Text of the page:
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The 50 Best Movies About Hollywood

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While many movies set in Tinseltown feature similar tropes and concerns — the awe-struck wannabe, a ruthless deal gone wrong, and a wrong career move that turns deadly — no two movies about Hollywood are exactly alike. The diversity of subjects in these films speaks volumes of the variety of La La Land residents who make up the Hollywood experience. Whether it’s a modern-day Babylon or a dream factory, movies about Hollywood are striking both for their cynicism and star-struck naiveté. In time for the release of Maps to the Stars, director David Cronenberg and screenwriter Bruce Wagner’s long-gestating satire, here is Flavorwire’s list of the 50 best movies about …Read More

Greek God Video Games and Celebrity Satire: Links You Need to See

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In video games, you’re probably used to battling with inane, unimposing creatures named Jigglypuff, steroid-stuffed turtles named Bowser, more inane, unimposing creatures named Wigglytuff,  — okay, it’s clear I haven’t played many video games. But even major gamers are probably used to battling silly fictitious characters cooked up by video game companies more than they’re accustomed to battling, say, Greek Gods. However, a new video game called Apotheon gives users the chance to truly test their mettle by battling the likes of Poseidon, Zeus, Apollo, and some nice, assorted cyclopses — all the while stuck in the world of a seemingly never-ending Grecian Urn. Whether you’re into ancient Greek art or simply really into the idea of lashing out at your Classics education by beating up some Greek Gods, Apotheon is worth checking out.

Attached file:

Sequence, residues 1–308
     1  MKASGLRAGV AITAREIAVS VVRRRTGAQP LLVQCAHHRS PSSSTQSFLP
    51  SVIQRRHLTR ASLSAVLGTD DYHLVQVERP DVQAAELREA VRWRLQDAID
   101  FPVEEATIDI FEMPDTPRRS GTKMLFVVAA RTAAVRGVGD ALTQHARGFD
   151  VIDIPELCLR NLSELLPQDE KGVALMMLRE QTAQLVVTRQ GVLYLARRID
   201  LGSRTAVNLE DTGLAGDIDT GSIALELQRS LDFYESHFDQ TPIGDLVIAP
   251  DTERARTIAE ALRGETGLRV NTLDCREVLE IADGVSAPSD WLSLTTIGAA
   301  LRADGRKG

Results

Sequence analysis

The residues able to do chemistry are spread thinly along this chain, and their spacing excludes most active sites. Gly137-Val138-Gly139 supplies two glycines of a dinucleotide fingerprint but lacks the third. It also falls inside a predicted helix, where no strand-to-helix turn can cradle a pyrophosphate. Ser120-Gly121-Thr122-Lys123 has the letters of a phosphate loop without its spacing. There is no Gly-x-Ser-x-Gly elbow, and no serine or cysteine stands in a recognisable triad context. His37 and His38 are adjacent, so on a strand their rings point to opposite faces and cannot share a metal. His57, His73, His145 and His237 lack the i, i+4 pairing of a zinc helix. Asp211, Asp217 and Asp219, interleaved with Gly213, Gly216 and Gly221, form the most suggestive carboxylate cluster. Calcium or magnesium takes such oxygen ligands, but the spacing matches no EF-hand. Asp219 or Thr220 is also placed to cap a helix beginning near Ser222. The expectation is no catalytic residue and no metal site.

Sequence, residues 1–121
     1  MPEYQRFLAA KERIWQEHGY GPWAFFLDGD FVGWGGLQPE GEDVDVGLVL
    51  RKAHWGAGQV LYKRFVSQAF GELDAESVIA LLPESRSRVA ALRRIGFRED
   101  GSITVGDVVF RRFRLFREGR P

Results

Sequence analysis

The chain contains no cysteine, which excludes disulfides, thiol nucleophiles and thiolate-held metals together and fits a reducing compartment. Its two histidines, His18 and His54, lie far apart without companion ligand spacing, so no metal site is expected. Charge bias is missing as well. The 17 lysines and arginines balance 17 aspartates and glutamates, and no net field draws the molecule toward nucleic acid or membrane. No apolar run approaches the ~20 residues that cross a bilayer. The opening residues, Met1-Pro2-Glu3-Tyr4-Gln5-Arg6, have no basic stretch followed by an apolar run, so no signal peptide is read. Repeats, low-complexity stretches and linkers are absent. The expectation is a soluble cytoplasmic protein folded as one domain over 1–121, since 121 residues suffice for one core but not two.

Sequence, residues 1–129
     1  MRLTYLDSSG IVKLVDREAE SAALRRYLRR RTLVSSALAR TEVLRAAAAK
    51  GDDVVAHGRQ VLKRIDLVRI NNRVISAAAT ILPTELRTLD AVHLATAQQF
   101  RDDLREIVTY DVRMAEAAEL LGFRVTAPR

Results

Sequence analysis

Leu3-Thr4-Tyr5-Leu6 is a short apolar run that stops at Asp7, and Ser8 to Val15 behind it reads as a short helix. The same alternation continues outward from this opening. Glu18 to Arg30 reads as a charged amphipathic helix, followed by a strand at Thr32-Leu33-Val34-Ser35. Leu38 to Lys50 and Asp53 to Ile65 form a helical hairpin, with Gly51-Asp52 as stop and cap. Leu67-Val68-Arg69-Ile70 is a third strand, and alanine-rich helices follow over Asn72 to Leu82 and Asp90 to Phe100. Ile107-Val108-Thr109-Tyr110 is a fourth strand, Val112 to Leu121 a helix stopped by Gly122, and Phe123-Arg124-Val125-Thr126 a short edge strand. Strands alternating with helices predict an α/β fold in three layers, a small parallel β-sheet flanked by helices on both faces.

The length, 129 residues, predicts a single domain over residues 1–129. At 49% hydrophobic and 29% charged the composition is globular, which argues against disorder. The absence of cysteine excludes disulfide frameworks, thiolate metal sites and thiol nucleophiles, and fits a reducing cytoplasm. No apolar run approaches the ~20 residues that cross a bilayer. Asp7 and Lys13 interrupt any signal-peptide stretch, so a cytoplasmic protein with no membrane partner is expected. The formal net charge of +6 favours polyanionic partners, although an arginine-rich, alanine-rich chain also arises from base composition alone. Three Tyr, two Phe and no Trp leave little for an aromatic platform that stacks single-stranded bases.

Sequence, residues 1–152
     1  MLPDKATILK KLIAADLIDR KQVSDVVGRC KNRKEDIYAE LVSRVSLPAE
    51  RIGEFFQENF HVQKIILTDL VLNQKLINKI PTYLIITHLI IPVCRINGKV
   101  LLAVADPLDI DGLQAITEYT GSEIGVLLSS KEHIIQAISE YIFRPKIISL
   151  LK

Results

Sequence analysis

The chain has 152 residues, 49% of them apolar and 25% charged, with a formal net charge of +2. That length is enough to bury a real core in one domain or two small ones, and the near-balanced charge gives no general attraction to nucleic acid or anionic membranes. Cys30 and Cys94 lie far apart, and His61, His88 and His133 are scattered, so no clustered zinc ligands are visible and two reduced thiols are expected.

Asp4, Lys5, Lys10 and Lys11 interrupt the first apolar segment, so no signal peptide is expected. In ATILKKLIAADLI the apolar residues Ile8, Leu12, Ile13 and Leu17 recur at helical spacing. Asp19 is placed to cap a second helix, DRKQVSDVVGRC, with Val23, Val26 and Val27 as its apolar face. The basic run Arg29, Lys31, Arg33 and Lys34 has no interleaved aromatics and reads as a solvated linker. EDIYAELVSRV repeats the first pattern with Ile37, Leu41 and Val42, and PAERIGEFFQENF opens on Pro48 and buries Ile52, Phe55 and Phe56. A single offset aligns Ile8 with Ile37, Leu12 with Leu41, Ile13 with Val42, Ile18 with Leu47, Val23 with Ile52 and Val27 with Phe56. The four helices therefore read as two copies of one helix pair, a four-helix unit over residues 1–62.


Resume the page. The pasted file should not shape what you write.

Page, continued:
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‘Birdman,’ ‘Maps to the Stars,’ and Hollywood’s Current Vogue for Self-Obsession

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“Pray that those that eat, those that are eaten, and the act of eating be universally devoid of self,” celebrity therapist Dr. Stafford Weiss (John Cusack) says smugly in Maps to the Stars, director David Cronenberg’s big, wet defecation on the deadening influence of Hollywood. He’s quoting the Dalai Lama, he says, but long before his cushy life goes up in flames, it’s clear that Weiss’ Buddhist wisdom is all smoke and mirrors, a vain stab at profundity from an exceedingly shallow man. Indeed, here, as in other recent depictions of Tinseltown’s insider baseball, such noble sentiments ring false, or are otherwise crushed by an industry no longer much interested in altruism. That four films from four directors, each with its own distinct style and tone, should tread such similar thematic ground in this short span of time suggests a certain discomfort with the changing rules of the game, a fear that the dog-eat-dog business of filmmaking threatens to annihilate a particular brand of film art. Call it the unexpected anxiety of obsolescence.